Mohawk woman taking her place among the saints

Mohawk woman buried in Kahnawake is taking her place among the saints.

APTN National News
OTTAWA–
A Mohawk woman buried in Kahnawake is taking her place among the saints.

Pope Benedict XVI on Monday signed a decree approving a miracle attributed to Kateri Tekakwitha, also known as the Lily of the Mohawks, clearing the way for her canonization.

The Vatican received evidence of Tekakwitha’s miracle in 2009 from Monsignor Paul Lenz, who sent the documentation to Rome through the Vatican embassy in Washington D.C.

Tekakwitha is credited with healing a child in the U.S. from flesh-eating disease.

The Pope also approved the miracles of six others who will also ascend to the pantheon of the Catholic Church’s saints.

The official Vatican Information Service identifies Tekakwitha as simply an “American laywoman.”

But she is much more than that to her numerous followers.

Tekakwitha died at the age of 24 in 1680 and is entombed inside the St. Francis-Xavier Church in Kahnawake, a Mohawk community near Montreal.

The Vatican has been receiving requests to canonize Tekakwitha for more than a hundred years.

She has followers throughout the Americas and in parts of Europe. Tekakwitha is celebrated every year during a festival held in her honour in Fonda, N.Y., which is about 65 kilometres northwest of Albany, the state capital.

In 1980, she was beatified by Pope John Paul II, the final stage before sainthood.

Tekakwitha was born in 1656 in a Mohawk village near Fonda. Her mother was an Algonquin who was captured around Trois-Rivieres, Que., and then married a Mohawk chief.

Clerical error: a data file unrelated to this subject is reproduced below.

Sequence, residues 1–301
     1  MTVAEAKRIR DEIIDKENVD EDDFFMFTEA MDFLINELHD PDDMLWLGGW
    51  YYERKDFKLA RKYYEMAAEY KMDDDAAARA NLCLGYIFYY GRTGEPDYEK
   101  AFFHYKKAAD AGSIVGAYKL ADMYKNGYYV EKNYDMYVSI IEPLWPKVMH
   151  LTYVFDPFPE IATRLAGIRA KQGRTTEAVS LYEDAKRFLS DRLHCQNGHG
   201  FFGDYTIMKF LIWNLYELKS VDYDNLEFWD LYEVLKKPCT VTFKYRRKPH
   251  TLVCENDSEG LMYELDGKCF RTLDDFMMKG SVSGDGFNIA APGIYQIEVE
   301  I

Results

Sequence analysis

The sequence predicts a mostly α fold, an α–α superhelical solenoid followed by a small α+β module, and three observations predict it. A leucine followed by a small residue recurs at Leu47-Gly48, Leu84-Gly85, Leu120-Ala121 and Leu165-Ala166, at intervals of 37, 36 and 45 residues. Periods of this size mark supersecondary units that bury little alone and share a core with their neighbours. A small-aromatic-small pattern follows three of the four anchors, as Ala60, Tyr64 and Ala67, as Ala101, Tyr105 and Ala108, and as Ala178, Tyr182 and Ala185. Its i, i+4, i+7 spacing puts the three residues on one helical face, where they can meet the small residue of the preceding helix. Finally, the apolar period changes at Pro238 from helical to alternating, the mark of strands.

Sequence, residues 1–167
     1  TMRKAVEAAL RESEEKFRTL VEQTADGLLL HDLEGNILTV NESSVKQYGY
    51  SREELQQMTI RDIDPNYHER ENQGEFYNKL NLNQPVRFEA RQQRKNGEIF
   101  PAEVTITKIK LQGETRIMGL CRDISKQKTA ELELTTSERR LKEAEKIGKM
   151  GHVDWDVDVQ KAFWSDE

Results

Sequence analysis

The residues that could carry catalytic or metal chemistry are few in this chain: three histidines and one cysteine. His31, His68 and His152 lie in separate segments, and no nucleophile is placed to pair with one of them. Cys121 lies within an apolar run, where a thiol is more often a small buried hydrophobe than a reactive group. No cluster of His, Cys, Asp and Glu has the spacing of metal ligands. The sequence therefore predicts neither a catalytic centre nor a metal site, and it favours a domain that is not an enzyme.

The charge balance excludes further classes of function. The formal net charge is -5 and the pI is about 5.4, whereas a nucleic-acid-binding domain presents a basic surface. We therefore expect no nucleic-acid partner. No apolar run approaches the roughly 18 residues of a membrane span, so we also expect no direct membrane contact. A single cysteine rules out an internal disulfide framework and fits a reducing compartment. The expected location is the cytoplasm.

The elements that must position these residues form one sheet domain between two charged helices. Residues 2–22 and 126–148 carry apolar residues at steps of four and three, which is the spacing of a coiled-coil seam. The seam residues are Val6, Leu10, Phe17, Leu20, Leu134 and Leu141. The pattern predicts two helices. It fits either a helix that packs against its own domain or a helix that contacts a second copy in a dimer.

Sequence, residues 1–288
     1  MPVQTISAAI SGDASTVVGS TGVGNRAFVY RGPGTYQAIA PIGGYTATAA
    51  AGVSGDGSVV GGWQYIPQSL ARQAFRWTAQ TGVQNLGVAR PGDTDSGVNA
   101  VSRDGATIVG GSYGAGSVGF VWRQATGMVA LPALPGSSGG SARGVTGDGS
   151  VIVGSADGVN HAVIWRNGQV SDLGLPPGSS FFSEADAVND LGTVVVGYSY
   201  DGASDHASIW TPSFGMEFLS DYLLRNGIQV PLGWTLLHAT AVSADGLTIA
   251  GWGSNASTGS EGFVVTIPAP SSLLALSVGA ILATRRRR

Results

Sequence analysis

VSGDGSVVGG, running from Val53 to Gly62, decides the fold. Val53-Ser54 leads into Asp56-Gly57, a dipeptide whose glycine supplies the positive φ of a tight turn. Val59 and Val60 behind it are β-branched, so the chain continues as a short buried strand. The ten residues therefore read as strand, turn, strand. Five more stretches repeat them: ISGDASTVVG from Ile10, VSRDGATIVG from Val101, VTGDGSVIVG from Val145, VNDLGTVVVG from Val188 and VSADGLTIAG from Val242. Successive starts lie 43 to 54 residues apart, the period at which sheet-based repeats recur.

Her village was burned by the French and her mother, father and younger brother all died during the smallpox epidemic.

Tekakwitha survived the disease, but it left its mark on her, leaving her body weak and her face scarred.

She was baptized Catholic in 1676 and was taken to a village around what is now Kahnawake and Ville Sainte-Catherine after she faced pressure from her family to give up the religion.

Tekakwitha stood only about 4 and-a-half feet tall and frequently fasted. It is said Tekakwitha once scattered thorns on her bed and lay on them for three nights.

When she died, it was reported her face lost its scars and she became beautiful. Her crucifix, pieces of her garments and dirt from her grave were said to have healing powers.

Online Producer / Ottawa

Before moving to become the APTN News social media producer, Mark was the executive producer for the news in eastern Canada. Before starting with APTN in 2009, Mark worked at CBC Radio and Television in Newfoundland and Labrador and Ottawa.

2 thoughts on “Mohawk woman taking her place among the saints

  1. Maybe natives in Canada will get back to God & begin to pray to Kateri to help them with the miserableu00a0conditionsu00a0they live in while companies take the resources from their territory.

  2. maybe natives in Canada will get back to God & begin to pray to Katerinto help them with the miserableu00a0conditionsu00a0they live in while companiesntake the resources from their territory

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